The vast majority of nets shipped last weekend were pulled off the remote and rocky Ka'ū coastline. Also shipped were six large net bundles, weighing 1,200 lbs., pulled out of the ocean by boaters in West Hawai'i and dropped off at Honokōhau Harbor earlier in 2017.
Megan Lamson operates the winch to putt nets into the truck to ship them to an electrical plant. Hawai`i Wildlife Fund Photo
Lamson said that the Hawai`i Wildlife Fund is "committed to removing marine debris from along our shorelines and working with local residents, businesses and government representatives to reduce the amount of plastic that finds its way into the ocean. Plastic pollution is a serious problem that now impacts most life forms that live in the ocean or use the ocean as a food source. But, it's a problem with an obvious solution. We must start reducing our usage of plastics, especially single-use plastics in order to protect the health of the ocean, and the health of the wildlife and people who depend on the ocean - all of us!"
Hei Demonstration, Wed, April 12, 10 a.m. – 12 p.m., Kīlauea Visitor Center lānai in Hawai‘i Volcanoes National Park. No‘el Tagab-Cruz teaches protocol and meaning behind traditional Hawaiian string figures that are used with oli (chants) to tell stories and connect with elements around us. Free; park entrance fees apply.
Red Cross Volunteermeeting, Thu, April 13, 7 p.m., HOVE Road Maintenance Corp. office. For volunteers and those interested in becoming volunteers. Hannah Uribes, 929-9953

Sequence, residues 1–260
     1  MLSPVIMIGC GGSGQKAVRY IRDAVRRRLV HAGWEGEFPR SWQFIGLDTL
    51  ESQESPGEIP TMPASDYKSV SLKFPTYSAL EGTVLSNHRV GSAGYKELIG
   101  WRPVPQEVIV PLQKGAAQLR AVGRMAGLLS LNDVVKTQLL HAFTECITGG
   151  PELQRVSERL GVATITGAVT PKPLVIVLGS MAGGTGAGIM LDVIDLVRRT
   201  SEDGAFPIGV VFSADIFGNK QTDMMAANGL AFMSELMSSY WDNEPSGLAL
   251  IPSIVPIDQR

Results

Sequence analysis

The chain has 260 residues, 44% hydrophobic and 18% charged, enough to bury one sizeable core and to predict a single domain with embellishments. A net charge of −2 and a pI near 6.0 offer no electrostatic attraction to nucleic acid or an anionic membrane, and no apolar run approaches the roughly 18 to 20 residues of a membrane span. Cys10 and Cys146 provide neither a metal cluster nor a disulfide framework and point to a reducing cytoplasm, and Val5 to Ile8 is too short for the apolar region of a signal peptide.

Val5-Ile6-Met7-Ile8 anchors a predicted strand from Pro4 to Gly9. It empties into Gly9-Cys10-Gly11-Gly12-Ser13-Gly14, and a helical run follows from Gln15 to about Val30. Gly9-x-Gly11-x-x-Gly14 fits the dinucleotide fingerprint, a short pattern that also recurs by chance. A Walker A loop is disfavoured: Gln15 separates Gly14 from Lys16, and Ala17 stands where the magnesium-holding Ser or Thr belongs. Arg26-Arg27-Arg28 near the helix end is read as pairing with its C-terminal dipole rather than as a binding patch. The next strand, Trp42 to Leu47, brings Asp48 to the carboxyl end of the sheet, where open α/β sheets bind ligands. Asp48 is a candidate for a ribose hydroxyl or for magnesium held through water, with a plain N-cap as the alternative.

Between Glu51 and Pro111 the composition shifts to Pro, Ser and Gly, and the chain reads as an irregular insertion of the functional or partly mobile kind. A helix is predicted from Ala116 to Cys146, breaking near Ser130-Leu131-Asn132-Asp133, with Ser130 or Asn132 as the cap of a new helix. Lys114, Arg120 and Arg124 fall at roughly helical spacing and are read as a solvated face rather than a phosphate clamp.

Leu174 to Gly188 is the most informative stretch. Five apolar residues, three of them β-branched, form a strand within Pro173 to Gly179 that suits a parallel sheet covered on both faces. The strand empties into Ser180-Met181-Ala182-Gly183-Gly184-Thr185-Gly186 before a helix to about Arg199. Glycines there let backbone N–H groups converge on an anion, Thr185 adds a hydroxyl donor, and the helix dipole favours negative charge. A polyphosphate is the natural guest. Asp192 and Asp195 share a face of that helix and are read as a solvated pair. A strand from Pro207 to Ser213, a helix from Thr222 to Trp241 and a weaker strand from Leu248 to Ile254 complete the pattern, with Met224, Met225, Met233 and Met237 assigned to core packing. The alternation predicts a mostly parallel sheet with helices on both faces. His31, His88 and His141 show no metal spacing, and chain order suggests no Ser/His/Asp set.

Recycling at Nā‘ālehu School, Sat, April 15, 9 a.m. – 1 p.m., Nā‘ālehu School Gym. Redeem your HI-5 sorted by type; receive 5 cents per container and additional 20 cents per pound on all aluminum. Atlas Recycling donates 20 cents per pound on all aluminum redeemed to the school. 939-2413, ext. 230.
Kahuku Unit of Hawai`i Volcanoes National Park offers a two-mile, two- hour guided hike on Saturday. NPS Photo
Realms and Divisions of Kahuku on Sat, April 15 from 9:30a.m. to11:30 a.m., is a moderately-difficult two-mile, two-hour guided hike on Kahuku Unit's newest trail, Pu'u Kahuku. Experience the sense of place that evolves through the inter-relationship of nature and culture. Explore the realms and divisions of the traditional Hawaiian classification system at Kahuku. Enter the Kahuku unit of Hawai'i Volcanoes National Park on the mauka (uphill) side of Highway 11 near mile marker 70.5, and meet near the parking area. Sturdy footwear, water, rain gear, sun protection, and a snack are recommended.